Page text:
The United States recalled its ambassador to Zambia on Monday after he criticized the government for sending a gay couple to prison and accused officials of stealing millions of dollars of public funds.
Ambassador Daniel Foote had described the treatment of the gay couple as “horrifying” — setting off outrage in Zambia, a conservative Christian country. But analysts said that the main reason for his departure was that he had repeatedly declared that ministry officials had misappropriated millions.
In an unusually combative public statement for a member of the diplomatic corps, Foote had said that the Zambian government “wants foreign diplomats to be compliant, with open pocketbooks and closed mouths.”
Foote’s comments set off recriminations in Zambia, a copper-producing, landlocked country in southern Africa. Zambia’s president, Edgar Lungu, said he did not want Foote in the country, even if Zambia risked losing its annual $500 million in U.S. aid.
“We don’t want such people in our midst. We want him gone,” Lungu told the state-owned television channel ZNBC on Sunday.
He later told Sky News, “If that is how you are going to bring your aid, then I’m afraid the West can leave us alone in our poverty. And we’ll continue scrounging and struggling.”
The State Department said it was dismayed that the Zambian government had declared that Foote’s position as ambassador was “no longer tenable.” The department said that his remarks were “the equivalent of a declaration that the ambassador is persona non grata.”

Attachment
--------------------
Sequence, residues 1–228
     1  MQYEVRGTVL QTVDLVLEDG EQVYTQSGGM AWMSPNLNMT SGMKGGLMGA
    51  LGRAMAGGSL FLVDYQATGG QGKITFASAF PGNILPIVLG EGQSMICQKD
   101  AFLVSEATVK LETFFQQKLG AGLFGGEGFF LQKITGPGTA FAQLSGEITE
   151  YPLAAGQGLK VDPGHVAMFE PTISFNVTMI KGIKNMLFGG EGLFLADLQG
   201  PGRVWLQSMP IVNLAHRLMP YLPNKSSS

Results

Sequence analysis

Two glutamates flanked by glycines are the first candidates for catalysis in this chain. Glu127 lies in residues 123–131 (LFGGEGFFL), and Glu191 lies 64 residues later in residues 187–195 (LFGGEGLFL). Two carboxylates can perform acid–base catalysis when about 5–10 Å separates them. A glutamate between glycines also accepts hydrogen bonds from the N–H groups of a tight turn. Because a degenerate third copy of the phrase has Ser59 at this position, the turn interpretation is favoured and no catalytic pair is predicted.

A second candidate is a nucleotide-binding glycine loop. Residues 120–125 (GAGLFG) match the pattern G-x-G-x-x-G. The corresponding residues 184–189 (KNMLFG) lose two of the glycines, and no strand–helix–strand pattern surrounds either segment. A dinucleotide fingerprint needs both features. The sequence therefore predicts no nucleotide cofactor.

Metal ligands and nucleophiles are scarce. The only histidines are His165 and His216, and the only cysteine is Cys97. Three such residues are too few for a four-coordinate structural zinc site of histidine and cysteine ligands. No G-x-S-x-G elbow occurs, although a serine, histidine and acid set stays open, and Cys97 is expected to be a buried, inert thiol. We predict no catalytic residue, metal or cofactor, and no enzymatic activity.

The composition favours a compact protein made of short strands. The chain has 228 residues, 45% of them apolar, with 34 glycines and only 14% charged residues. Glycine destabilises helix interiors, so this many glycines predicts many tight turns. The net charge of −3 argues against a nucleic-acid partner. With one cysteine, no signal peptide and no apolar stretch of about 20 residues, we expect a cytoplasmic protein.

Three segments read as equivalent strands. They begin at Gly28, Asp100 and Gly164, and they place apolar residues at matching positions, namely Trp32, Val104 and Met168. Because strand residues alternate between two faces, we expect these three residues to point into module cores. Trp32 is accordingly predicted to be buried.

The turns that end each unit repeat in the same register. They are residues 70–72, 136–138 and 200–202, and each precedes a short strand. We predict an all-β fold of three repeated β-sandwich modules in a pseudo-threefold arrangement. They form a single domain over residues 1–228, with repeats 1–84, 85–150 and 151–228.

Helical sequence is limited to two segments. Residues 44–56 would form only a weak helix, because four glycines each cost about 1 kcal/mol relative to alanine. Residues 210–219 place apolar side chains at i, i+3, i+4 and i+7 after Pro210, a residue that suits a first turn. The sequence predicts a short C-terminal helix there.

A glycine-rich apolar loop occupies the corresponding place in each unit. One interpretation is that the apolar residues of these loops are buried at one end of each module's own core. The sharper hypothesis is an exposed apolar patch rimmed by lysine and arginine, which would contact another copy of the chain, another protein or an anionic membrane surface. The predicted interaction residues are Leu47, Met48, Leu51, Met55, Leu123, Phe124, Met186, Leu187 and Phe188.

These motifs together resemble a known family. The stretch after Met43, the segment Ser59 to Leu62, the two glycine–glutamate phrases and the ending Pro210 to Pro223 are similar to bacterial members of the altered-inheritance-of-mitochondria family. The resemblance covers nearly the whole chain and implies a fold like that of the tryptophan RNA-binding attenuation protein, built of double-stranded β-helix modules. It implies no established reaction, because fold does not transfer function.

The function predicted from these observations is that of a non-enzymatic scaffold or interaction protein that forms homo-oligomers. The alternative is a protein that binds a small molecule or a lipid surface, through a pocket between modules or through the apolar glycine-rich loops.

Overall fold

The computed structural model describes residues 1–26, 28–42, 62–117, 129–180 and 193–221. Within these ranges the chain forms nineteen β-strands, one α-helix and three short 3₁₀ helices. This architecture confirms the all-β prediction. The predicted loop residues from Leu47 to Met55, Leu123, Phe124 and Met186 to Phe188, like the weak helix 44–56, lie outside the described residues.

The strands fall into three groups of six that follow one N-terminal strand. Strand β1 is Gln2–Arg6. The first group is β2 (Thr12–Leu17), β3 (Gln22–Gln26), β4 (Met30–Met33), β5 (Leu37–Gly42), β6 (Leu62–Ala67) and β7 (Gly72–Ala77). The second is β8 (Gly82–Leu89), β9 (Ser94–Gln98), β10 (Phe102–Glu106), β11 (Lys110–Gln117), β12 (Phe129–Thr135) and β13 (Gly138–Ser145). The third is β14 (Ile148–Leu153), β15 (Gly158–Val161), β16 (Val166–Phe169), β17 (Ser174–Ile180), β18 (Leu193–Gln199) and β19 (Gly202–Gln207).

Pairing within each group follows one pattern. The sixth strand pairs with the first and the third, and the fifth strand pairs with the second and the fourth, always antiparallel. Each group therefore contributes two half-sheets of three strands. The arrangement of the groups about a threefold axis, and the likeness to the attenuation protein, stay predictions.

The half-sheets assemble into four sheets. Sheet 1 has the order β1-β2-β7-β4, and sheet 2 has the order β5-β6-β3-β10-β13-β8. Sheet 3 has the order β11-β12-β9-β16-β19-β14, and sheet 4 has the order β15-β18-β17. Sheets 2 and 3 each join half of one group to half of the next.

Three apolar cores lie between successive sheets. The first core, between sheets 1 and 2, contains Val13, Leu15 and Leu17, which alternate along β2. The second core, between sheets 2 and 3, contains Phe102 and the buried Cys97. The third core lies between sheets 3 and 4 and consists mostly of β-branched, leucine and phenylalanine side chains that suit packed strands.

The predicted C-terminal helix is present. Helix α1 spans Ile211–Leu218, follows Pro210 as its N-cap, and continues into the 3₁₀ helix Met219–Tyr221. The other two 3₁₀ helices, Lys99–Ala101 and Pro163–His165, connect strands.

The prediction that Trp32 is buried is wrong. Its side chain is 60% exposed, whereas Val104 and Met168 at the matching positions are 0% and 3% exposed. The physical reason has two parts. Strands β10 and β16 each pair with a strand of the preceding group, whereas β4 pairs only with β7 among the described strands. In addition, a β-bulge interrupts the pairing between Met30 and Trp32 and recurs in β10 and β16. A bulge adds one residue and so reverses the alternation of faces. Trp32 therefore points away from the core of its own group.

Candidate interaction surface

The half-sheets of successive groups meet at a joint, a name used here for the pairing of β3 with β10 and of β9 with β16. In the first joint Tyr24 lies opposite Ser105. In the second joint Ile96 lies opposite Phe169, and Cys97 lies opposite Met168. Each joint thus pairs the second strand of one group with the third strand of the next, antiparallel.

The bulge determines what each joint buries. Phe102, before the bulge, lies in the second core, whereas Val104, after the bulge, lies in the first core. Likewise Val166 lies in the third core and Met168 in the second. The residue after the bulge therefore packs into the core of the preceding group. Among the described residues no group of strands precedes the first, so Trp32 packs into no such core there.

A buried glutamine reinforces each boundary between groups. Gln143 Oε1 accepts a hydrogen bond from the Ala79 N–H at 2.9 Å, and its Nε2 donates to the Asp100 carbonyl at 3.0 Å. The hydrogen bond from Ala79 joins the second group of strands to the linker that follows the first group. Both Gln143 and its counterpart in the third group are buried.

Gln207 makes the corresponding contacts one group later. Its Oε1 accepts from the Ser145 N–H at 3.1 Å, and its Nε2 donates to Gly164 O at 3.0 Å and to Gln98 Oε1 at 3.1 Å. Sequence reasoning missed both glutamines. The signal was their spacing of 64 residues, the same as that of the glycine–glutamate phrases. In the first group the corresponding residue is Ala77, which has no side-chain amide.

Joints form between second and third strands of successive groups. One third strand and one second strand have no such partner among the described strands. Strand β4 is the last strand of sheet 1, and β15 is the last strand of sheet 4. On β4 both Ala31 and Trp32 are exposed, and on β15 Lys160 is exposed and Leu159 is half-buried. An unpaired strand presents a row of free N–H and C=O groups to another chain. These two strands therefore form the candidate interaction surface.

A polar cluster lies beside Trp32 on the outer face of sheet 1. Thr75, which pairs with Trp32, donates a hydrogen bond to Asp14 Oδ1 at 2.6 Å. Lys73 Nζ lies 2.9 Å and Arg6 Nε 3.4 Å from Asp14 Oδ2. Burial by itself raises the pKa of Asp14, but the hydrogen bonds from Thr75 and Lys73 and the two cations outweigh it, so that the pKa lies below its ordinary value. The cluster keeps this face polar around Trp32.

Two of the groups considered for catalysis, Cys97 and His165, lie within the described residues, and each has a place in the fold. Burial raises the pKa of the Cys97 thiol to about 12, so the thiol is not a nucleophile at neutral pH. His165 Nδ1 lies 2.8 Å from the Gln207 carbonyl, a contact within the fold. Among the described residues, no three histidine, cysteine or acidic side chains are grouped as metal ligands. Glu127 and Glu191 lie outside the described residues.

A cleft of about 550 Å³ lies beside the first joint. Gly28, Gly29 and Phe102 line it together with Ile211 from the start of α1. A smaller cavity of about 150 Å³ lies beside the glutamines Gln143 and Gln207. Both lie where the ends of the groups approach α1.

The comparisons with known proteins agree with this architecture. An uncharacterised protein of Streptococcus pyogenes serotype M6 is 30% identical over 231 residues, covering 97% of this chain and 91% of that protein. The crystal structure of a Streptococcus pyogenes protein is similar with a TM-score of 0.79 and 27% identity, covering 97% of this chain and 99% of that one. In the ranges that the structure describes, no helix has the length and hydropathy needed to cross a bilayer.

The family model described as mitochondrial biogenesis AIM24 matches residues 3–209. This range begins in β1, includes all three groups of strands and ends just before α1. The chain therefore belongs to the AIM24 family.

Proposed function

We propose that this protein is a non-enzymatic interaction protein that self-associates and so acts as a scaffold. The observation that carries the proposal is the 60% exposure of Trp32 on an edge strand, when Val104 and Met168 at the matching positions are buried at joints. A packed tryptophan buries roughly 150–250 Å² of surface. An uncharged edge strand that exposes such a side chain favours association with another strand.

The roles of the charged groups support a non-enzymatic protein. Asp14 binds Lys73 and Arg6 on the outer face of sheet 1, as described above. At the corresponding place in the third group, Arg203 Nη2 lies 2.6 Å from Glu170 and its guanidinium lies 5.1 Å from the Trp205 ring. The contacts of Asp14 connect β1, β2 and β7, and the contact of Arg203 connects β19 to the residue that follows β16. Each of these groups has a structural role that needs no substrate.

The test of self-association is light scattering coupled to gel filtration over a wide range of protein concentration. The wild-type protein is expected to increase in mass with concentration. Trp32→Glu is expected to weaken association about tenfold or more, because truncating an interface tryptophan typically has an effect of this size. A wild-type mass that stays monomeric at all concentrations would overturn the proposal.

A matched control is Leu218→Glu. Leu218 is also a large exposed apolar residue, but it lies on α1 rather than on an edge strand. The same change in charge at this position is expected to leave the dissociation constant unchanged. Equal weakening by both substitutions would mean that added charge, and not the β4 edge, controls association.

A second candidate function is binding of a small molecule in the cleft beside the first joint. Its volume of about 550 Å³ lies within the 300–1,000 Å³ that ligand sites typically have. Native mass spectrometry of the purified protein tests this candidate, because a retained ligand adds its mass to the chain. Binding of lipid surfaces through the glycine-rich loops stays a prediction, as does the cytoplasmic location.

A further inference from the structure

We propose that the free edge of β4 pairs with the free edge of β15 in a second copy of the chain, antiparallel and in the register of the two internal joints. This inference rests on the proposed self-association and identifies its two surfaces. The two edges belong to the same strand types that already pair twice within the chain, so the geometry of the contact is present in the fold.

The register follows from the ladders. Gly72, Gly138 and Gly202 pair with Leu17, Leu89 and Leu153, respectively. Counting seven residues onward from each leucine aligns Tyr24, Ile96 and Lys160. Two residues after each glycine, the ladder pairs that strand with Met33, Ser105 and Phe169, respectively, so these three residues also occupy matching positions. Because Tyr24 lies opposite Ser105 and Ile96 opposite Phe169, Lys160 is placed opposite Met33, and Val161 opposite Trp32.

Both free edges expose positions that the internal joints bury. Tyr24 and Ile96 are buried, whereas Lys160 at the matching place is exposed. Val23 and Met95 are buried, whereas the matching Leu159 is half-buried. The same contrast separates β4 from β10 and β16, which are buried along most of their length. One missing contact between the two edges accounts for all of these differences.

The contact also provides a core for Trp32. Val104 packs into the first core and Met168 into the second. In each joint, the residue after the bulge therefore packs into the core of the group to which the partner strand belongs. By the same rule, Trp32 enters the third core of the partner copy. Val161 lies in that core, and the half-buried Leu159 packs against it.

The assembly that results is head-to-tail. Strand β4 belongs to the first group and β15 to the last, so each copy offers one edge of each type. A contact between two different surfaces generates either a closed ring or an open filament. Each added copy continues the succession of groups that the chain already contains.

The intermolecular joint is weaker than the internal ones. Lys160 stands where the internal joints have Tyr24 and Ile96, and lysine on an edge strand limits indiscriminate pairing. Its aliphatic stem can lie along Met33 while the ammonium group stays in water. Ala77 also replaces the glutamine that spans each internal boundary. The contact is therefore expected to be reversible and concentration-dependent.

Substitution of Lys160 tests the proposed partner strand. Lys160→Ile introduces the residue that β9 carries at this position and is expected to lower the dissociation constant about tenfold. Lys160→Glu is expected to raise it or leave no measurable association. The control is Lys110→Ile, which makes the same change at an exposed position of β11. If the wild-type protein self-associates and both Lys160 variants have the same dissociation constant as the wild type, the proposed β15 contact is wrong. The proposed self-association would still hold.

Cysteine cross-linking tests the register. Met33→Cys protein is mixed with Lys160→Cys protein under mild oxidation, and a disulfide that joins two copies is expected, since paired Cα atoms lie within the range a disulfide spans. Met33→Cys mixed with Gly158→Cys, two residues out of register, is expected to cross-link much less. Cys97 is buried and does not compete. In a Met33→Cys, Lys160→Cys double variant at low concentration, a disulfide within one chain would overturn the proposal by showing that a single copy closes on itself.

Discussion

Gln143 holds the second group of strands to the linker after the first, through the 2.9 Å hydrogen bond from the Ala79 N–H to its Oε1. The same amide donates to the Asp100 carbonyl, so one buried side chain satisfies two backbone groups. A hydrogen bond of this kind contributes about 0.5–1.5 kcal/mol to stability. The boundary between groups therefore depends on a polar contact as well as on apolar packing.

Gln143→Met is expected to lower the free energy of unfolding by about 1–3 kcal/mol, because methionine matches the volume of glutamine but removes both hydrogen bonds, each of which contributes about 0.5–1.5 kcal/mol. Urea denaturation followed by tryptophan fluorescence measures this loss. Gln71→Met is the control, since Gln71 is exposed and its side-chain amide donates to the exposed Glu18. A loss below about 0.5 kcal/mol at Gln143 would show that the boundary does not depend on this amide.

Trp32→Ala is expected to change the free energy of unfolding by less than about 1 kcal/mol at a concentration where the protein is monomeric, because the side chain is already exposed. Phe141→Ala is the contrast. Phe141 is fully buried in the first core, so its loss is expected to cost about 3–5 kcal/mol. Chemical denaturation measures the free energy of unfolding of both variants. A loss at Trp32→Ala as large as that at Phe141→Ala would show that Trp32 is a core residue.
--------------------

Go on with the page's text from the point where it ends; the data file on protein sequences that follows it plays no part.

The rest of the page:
Foote is a career diplomat who was appointed U.S. ambassador to Zambia by President Donald Trump in November 2017. In his statement, released in early December, Foote had said that the Zambian foreign minister had accused him of interfering in internal affairs for speaking out about the “harsh sentencing of a homosexual couple.”
Despite all the aid Zambia receives, the ambassador wrote, he had found it very difficult to get an audience with the president.
“Both the American taxpayers, and Zambian citizens, deserve a privileged, two-way partnership, not a one-way donation that works out to $200 million per meeting with the head of state,” Foote wrote.
The administration of Lungu, who was first elected in 2015 after his predecessor died in office, has been widely criticized as corrupt. One Zambian analyst recently called it “kleptocratic,” saying grand corruption has become endemic and the economy is faltering.
A recent report by the Environmental Investigation Agency, an international organization that investigates environmental crime and abuse, described the president, his daughter and two ministers as central figures in a “cartel” that traffics mukula rosewood trees. It said that the trees are on the verge of commercial extinction.
Foote had spoken out about corruption in Zambia before.
“His voice is powerful. He had exposed their hypocrisy and corruption,” said the popular musician Fumba Chama, who has repeatedly criticized government corruption in his songs.
Chama said the furor over the ambassador’s comments on gay rights was just a pretext, and the real issue was his bold condemnation of corrupt officials.
“They brought up the LGBT thing because they knew if they brought it to the fore, the public would side with them. Zambia is a very religious country,” Chama said.